In Georgia’s criminal legal system, wealth is synonymous with freedom. Hundreds of defendants, including Margery Mock and Eric Ogden, are routinely jailed pretrial due to their inability to afford the predetermined bail bond required for their release. In Glynn County, where we’ve sued, persons accused of misdemeanors who cannot afford to hire a private attorney are left in the dark due to a systemic failure to provide public defense representation. This arbitrary and wealth-based pretrial detention system is not only unconstitutional, but cruel given the devastating ramifications it has on individuals who cannot buy their freedom – ramifications of which include a disregard of one’s presumption of innocence, economic and emotional hardship on families, and potential loss of one’s job. This federal class action lawsuit seeks to disrupt these unlawful detention and counsel schemes and calls on Glynn County to consider fair, efficient alternative conditions of release that don’t depend on how much money a person has, and to remedy its deficient provision of public defense services.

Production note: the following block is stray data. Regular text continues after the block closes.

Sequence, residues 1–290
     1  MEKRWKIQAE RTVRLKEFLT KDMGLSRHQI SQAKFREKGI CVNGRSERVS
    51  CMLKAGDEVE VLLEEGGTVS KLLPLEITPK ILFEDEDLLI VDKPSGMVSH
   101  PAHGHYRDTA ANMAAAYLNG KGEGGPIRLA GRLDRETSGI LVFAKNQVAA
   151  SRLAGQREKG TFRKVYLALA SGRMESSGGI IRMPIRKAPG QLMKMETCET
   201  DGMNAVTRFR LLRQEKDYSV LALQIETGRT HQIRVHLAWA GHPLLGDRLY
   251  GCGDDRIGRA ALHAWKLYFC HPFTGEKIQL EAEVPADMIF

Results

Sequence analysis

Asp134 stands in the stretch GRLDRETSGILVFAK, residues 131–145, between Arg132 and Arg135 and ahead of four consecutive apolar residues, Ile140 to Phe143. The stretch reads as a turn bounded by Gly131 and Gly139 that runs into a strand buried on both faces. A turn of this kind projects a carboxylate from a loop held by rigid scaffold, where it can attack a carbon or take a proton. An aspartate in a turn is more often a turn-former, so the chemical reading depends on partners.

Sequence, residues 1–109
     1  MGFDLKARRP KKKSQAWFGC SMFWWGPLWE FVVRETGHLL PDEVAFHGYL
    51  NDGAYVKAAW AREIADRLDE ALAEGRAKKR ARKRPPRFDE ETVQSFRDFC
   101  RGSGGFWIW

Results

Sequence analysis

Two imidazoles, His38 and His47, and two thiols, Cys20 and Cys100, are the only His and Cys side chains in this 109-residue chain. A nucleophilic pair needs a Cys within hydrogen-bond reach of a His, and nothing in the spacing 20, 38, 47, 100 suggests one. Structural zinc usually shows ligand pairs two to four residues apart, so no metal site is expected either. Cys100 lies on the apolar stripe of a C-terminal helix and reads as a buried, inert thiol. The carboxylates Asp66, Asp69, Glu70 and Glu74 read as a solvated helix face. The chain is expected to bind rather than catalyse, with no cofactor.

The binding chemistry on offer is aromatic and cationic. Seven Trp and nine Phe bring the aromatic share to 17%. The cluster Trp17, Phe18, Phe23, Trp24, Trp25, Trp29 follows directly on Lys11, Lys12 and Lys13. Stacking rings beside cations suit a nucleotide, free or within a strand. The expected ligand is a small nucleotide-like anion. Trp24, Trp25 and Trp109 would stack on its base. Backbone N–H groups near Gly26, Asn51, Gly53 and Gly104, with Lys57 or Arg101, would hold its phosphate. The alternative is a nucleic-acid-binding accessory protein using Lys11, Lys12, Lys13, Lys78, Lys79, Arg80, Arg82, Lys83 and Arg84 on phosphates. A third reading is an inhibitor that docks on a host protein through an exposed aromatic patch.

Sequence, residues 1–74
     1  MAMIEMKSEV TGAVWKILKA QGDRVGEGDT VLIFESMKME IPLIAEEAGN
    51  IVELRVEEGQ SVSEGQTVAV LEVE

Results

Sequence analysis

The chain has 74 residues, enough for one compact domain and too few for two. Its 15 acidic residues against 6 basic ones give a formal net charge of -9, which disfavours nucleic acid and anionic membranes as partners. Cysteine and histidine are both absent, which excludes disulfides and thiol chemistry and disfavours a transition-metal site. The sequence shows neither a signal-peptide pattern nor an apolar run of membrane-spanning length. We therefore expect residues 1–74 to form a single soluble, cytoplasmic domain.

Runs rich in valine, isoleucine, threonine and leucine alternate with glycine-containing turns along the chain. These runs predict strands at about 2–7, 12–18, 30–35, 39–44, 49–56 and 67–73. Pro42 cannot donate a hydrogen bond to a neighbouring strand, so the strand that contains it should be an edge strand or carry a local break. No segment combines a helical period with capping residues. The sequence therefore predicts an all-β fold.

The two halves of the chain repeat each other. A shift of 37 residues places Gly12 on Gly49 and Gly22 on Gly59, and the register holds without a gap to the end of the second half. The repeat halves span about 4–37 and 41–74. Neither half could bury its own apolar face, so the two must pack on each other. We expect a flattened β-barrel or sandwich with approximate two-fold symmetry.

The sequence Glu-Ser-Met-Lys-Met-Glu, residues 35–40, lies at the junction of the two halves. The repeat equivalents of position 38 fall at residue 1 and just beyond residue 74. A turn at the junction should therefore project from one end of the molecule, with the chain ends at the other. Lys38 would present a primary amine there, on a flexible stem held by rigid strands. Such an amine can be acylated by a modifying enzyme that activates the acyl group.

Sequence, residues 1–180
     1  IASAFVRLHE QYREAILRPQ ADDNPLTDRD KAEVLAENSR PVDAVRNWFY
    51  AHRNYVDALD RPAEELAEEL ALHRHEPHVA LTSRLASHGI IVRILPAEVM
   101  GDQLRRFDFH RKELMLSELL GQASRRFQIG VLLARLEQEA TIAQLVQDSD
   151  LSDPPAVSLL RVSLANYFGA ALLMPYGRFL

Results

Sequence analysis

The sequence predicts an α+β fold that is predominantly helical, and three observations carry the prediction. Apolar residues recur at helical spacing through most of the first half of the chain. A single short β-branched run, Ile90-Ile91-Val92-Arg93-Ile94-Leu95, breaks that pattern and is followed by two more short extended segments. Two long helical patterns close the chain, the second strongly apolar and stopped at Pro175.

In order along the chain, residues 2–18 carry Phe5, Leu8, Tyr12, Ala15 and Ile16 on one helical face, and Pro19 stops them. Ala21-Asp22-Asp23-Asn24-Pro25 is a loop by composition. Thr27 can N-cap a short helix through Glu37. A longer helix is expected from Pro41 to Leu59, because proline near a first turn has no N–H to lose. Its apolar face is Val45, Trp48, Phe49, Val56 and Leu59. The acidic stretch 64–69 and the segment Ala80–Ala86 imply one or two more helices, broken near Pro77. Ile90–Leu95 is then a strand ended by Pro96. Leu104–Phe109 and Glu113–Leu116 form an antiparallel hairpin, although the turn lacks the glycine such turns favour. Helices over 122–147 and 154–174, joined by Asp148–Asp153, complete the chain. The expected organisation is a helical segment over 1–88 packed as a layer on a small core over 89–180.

We represent named Plaintiffs Margery Mock and Eric Ogden in this suit. Both Ms. Mock and Mr. Ogden were arrested on accusations of misdemeanor criminal trespass. Ms. Mock is 28 years old and at the time of her arrest was without stable housing and staying in a storage unit with all of her belongings. Upon her arrest, her bail was automatically set at $1,256, which she could not afford to pay.
The ACLU, the ACLU of Georgia, and local civil and criminal right champion James Yancey, Jr. join in this suit to demand that Glynn County no longer deprive poor arrestees of their right to due process, equal protection, the aid of counsel, and pretrial liberty. Incarcerating people based solely on their inability to buy their freedom is not justice – and we will not stand for it.